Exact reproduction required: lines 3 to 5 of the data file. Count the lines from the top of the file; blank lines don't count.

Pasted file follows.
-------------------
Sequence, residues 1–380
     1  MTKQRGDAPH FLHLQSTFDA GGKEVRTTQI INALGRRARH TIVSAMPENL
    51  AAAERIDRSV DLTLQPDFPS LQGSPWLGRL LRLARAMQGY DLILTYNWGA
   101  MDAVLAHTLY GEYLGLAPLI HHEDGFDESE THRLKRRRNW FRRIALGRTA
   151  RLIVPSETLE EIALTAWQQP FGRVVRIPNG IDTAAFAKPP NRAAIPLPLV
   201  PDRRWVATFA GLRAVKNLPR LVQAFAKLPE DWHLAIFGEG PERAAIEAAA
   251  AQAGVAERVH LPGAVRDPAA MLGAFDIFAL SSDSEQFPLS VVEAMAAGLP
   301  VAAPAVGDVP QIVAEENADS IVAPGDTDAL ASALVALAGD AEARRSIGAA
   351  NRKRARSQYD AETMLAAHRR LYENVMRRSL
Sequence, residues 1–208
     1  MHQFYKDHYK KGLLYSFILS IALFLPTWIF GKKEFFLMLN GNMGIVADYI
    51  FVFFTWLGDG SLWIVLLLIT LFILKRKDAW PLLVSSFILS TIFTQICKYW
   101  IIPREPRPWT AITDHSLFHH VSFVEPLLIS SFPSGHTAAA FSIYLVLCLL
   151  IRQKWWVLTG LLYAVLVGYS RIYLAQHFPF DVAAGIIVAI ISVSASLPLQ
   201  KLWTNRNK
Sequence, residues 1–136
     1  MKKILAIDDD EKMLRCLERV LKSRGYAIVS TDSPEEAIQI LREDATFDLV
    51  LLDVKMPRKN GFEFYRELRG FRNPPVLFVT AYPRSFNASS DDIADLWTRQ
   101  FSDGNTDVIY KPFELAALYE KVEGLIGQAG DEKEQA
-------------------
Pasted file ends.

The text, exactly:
    51  AAAERIDRSV DLTLQPDFPS LQGSPWLGRL LRLARAMQGY DLILTYNWGA
   101  MDAVLAHTLY GEYLGLAPLI HHEDGFDESE THRLKRRRNW FRRIALGRTA
   151  RLIVPSETLE EIALTAWQQP FGRVVRIPNG IDTAAFAKPP NRAAIPLPLV